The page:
FIRE AID’s members Operation Florian and WFS deliver fire prevention training in Lebanon

Wed 20, Feb, 2019

In January 2019 our FIRE AID members Women in the Fire Service (WFS) and Operation Florian brought together a team from Fire and Rescue Services across the country to deliver fire prevention training in Lebanon.  The team was made up of 5 women from different roles bringing years of operational experience and skills in the training and development of firefighters as well as extensive knowledge and expertise in fire safety, fire behaviour, child psychology and education and diversity and inclusion.  Steve Jordan from Greater Manchester FRS accompanied the team having led on the first Operation Florian trip in 2017.

At the beginning of the week the team met with Save the Children to learn from the shelter team how the fire safety recommendations left by the 2017 Operational Florian team were being implemented. It was clear that Save the Children’s education packages have developed greatly and these were being shared with other NGO’s and cascaded out to the camps. There are around 1.5 million Syrian refugees in Lebanon with over half being children and many live in informal tented settlements.  It was encouraging to learn that while multiple families are living together in these buildings Save the Children deliver fire safety checks and provide smoke detectors and fire extinguishers.

The team visited 6 different camps all with their own challenges.  The largest had over 200 tents, each tent providing shelter for several families.  Save the Children or other agencies provide some basic protection such as plastic sheeting and the families gather wood and other building materials from where they can to build their homes.  This last winter presented further challenges for the families as there has been unusually heavy rainfall which caused devastating flooding in the camps of up to a meter soaking beds, blankets, wood and clothing.

The team spent time in the camps talking to the refugees with the aid of an interpreter and it was clear to see how desperate their situation was.  Many of those we spoke to had good knowledge of what to do in a fire and how to treat minor burns which was comforting, however their main concern was with the electrics in the settlements.  Lebanon’s electrical infrastructure is fragile and many camps only have power for 4 – 6 hours a day.  Illegal connections made to national power supplies lead to dangerous electrical cables trailing all over the tents with exposed wires, overloaded sockets and misuse of electrical equipment creating high risk of fires and electrocution.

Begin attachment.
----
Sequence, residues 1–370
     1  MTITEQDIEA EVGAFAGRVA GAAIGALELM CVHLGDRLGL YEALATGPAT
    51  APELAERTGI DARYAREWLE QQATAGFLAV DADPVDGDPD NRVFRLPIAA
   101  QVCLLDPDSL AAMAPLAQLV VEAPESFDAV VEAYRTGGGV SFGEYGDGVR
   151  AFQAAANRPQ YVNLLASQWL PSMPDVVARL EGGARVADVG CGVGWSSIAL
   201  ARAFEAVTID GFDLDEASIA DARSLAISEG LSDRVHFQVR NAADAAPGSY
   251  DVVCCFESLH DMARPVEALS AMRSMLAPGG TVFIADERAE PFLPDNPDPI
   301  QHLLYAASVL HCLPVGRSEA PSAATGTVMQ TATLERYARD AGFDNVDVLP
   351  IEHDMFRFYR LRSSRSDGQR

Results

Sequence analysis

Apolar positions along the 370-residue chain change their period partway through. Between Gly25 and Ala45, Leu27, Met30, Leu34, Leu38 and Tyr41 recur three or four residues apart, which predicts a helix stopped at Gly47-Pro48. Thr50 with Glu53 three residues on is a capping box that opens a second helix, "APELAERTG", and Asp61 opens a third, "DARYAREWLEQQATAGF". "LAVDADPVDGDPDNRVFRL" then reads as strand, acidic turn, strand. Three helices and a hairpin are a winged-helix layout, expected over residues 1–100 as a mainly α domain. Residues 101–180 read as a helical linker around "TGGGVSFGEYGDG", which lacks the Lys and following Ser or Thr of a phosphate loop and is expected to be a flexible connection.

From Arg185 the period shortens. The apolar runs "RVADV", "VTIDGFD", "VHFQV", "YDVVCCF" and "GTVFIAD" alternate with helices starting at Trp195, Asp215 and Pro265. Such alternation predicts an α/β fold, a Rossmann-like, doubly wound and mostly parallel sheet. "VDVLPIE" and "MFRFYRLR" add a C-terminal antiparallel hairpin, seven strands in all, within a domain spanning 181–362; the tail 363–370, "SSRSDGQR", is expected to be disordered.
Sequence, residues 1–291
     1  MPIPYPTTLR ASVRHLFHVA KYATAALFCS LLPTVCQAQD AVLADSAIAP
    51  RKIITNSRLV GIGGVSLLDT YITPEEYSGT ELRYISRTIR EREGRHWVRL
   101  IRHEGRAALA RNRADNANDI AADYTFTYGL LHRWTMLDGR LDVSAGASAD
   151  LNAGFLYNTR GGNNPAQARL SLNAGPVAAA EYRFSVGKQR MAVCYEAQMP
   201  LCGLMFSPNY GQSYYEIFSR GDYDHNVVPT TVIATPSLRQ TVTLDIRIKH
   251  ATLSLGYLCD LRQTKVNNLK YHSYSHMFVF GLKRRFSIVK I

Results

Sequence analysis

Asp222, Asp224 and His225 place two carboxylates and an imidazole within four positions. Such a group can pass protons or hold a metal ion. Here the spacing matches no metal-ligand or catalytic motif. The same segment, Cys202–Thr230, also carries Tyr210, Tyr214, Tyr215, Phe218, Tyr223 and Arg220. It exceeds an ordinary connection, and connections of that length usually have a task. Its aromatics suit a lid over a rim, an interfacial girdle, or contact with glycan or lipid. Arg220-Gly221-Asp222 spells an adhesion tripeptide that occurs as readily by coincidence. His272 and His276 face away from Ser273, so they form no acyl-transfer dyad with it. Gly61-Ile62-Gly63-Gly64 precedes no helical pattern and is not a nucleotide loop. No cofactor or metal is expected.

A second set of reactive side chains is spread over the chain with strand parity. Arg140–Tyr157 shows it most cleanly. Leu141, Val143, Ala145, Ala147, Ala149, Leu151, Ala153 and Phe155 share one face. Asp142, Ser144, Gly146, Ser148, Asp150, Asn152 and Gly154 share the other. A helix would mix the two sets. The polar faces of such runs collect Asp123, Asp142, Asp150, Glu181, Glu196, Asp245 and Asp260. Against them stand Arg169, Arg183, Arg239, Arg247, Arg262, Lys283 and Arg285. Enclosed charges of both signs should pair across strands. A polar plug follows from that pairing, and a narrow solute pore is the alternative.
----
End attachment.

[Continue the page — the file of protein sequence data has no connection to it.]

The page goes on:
Many of the families we met had been living in these tents for years.  Considering the crisis started 8 years ago, it is difficult to imagine how they must feel after the traumas they have had to endure in leaving their own country with only what they could carry to find safety and shelter in a strange environment.  The team were touched by their friendly welcomes, happy to show their homes and give the team an opportunity to speak with them.

Increasing population within the camps and limited opportunities for camp expansion means some families are building a second floor to their tents creating huge risks in terms of health and safety and in particular fire safety. Managing such conditions is a huge challenge for the NGO’s and one which the team were able to discuss at a presentation of their findings with the In-Country Director of Save the Children at the end of the weeks research.

While 4 of the team were out in the field working with Save the Children, the others visited fire stations in Beirut and Zahle at the invitation of the Head of Training for the Lebanese Civil Defence.  Currently nearly all firefighters in Lebanon are volunteers and deliver a service to their communities with minimal resources.  For example; in one of the stations where they had 25 firefighters there were only 7 sets of fire kit to share.  With a great deal of hard work Operation Florian managed to secure and deliver a container of decommissioned kit including; old boots, helmets, tunics, leggings and RTC kit which will be distributed to some of the 200 fire stations across Lebanon providing firefighters with much needed PPE.

The team were able to spend some time with firefighters learning about their incidents and how they manage with the limited equipment and resources they have, they were able to share knowledge and experience with the crews and promote women in operational roles.

Some of the team were also invited to the British Embassy to speak about the gender project with Save the Children in the refugee camps and the importance of the relationship with the Lebanese Civil Defence.  All parties hoping that there will be further projects in the future.

Relationships with Save the Children, the Lebanese Civil Defence and hopefully the British Embassy will continue to grow and with this in mind we are hoping that two female firefighters from one of the stations visited will be able to attend the WFS training and development weekend in the summer to further their knowledge and experience and continue to develop our relationships with international fire services.